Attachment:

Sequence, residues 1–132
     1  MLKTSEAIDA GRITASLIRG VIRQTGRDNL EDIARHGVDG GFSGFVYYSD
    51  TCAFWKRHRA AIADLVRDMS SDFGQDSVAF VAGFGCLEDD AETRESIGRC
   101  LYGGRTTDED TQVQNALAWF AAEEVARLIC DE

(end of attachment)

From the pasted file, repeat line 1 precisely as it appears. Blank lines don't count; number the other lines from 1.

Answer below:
Sequence, residues 1–132